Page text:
Differentiating in intimate relationships, if this is the first time one or both parties has ever attempted to wrangle emotional fusion into something more functional, is certainly anxiety-provoking. With clients discovering these kinds of “enforcing conformity” patterns, the family of origin snapshot is a useful tool for determining both where these behavioural patterns originate, and for framing in countermeasures for change; we have to know something about the original programming to know what, exactly, it is we’re trying to reprogram. I have had good effect with then pairing the family systems perspective with attachment theory; emotional fusion is often the primary signal of an anxious or insecure attachment, in which the anxious partner often can’t self-regulate their own emotional reactions.

Projected ideals, for an anxious attachment style, will often become a means of controlling the other as a tool for mitigating risk in relationships… or so we think. Unfortunately, the autonomous human beings we’ve selected as partners will have damnably inconvenient needs and desires of their own, and they may resist the pressure of the invisible expectations (and respond with escalation if they feel they are being punished for something they didn’t even realize was an issue). Improving one’s stance within a relationship will then start with the essentials of improved self-regulation and emotional awareness. The questions listed above are often good places to start; tactics for emotional self-soothing are readily available on the Internet, and can be as simple as some very basic mindfulness breathing. Anxiety escalates both cognitively and physically, and sometimes by breaking the trajectory on one front, we can buy ourselves a little breathing room to assess and redirect energies on both fronts.

Once we get some self-regulation in place in the very shortest-term sense, we progress through situational awareness, and look at unpacking the cognitive layers around the expectations. At that point, we can open up a dialogue with the partner that explicitly invites exploring the differences between the projected Idealized Other, and the very Real Person sitting in the room with us. We explore the ways in which over-investment in the projection robs us of an opportunity to be authentic in the presence of the Real Partner, and how shackling ourselves to attempts to manage the other cheats us out of our own vulnerabilities. Learning to let go of things being done ONLY in the Idealized Way is hard, and fear-laden; learning to accept that it’s okay if we don’t get everything our own way, that not getting what we want does NOT, in fact, signal the end of the world, is a fundamental challenge to our core Self. But this constrained view only accepts one way as being The Right Way, and leaves us closed to the option of Other Ways being equally good for getting us where we need to go. We have to challenge ourselves in relationship to step off the narrow path of what *we* know, though, and into the Very Wide & Very Terrifying Unknown.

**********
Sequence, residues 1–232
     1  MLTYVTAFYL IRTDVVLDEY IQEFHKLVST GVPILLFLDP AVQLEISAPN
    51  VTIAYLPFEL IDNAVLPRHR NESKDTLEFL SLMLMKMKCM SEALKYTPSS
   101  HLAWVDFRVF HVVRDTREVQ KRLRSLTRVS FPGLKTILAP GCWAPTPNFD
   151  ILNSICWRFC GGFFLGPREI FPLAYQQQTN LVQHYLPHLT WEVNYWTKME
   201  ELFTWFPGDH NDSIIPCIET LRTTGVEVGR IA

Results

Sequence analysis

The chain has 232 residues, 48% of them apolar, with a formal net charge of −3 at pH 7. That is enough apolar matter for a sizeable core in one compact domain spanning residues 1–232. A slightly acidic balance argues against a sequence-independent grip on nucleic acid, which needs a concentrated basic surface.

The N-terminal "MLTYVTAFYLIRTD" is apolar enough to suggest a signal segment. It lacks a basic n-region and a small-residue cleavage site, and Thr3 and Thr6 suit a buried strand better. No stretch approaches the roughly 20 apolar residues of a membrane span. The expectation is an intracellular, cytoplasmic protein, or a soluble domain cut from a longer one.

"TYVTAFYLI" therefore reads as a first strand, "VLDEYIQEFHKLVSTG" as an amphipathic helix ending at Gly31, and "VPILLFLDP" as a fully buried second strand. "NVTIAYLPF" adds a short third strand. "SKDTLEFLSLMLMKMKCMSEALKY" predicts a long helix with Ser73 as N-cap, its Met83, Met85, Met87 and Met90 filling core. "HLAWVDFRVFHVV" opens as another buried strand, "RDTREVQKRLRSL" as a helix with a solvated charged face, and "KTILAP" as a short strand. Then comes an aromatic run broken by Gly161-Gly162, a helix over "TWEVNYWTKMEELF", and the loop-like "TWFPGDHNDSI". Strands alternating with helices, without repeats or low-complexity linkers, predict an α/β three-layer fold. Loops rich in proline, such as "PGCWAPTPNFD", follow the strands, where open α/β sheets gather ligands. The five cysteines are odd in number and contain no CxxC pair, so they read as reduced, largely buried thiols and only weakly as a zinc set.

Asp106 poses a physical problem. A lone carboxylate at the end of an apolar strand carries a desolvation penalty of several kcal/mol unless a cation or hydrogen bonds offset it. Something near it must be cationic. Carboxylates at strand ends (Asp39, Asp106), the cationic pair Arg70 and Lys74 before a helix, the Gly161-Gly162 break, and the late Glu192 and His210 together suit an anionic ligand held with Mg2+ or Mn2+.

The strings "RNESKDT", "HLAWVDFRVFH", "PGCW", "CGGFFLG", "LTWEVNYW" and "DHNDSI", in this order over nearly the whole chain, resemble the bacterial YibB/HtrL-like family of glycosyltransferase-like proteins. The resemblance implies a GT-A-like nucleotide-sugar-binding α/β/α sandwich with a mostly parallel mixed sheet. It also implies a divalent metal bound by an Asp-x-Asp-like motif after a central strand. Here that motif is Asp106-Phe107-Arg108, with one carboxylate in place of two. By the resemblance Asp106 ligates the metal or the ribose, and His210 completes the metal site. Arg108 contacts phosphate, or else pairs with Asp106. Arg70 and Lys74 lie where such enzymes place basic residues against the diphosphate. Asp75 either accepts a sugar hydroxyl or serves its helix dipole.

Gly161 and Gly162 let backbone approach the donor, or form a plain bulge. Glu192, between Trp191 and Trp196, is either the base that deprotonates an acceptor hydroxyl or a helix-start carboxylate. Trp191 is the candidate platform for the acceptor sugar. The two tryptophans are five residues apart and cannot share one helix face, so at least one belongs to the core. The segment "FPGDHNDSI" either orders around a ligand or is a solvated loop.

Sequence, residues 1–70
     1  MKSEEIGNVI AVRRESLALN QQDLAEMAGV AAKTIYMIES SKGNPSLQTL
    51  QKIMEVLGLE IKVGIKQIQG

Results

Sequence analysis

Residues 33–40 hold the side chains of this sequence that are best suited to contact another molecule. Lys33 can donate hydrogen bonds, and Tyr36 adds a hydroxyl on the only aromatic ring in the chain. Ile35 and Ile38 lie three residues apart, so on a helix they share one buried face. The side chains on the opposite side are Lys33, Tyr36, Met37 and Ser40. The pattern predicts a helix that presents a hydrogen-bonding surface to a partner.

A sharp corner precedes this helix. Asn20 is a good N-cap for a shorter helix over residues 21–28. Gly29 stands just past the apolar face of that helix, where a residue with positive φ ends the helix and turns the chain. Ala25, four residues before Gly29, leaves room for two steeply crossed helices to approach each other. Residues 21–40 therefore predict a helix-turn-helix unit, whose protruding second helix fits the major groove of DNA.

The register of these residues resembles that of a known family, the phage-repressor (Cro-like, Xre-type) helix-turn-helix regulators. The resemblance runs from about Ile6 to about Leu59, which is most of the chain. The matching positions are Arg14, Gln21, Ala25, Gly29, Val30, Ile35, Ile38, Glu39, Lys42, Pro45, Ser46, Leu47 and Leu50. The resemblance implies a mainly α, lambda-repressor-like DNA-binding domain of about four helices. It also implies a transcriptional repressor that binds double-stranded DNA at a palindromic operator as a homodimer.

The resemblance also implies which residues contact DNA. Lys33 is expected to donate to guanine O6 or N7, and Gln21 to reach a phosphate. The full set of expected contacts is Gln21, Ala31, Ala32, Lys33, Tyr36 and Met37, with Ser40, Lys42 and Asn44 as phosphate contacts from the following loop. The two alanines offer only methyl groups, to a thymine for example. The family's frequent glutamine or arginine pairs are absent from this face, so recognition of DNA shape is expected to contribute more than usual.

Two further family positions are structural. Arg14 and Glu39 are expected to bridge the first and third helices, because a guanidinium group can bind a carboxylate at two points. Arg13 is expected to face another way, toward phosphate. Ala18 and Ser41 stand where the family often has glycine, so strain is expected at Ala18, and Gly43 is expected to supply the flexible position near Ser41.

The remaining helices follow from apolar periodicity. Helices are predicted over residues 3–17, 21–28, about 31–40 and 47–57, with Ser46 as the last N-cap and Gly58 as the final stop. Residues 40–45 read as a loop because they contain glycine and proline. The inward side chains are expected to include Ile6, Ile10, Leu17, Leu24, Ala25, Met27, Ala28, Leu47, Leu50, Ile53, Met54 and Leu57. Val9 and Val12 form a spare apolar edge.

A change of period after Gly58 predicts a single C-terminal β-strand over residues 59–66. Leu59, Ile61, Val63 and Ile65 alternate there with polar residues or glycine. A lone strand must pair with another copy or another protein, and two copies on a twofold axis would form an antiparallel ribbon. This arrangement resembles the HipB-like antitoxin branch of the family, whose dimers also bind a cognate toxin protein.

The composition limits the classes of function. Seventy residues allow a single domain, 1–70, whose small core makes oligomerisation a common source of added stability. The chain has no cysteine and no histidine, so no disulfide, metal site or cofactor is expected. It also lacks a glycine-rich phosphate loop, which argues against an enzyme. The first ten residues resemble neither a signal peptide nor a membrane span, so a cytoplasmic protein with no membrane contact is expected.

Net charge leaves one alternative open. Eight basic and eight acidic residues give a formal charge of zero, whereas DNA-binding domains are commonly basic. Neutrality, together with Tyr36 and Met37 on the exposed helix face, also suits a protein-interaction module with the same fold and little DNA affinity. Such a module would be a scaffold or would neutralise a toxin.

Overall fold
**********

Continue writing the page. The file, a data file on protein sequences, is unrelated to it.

(I know, I *KNOW*. I imagine most people, like myself, find the idea of being vulnerable with the people and situations that make us uncomfortable, or force us to confront our own idealism, Really Damned Unpleasant, and possibly eternally filed under, “To Be Avoided At All Costs”. But trust me when I say, from experience, that the cost of NOT letting go of the projected Idealized Other is almost certainly your relationship, and quite possibly your peace of mind along with it. This will be one of those places where the therapist in me suggests, “Do as I say”, and the twice-divorced adult in me adds, “…and not as I do.”)

From there, the process of building healthier boundary definition and self-definition comes down to the fine art and craft of managing a negotiation process. John Gottman would say, “It’s not the places in relationship where were are similar and mesh well that determines our relational success potential; it’s how we manage the places where we are inherently different.” If we attempt to manage differences by eradicating them through enforced conformity to only one set of ideals, then we’re not in a healthy relationship: we’re in a dictatorship. Learning how to have, and build trust in, the negotiation process of need-meeting is where the partners in any relationship can develop significant vulnerability and insight with each other.

Learning to effectively share our needs and their value to us, and to invite (flawed, not idealized) Partners into the meeting of those needs, is a profoundly authentic, and terrifying process. Allowing our partners to retain their own autonomy means NOT presumptively extending our personal boundaries over them, and NOT assuming they exist in relationship solely to meet our needs, or not solely in OUR presumed ways. Guiding these discussions is one place a trained therapist can be helpful if you’re not confident you can manage the emotional rollercoaster on your collective or individual own, but truthfully, these insightful conversations are tools couples can also develop on their own with some direction, lots of practice, and good faith.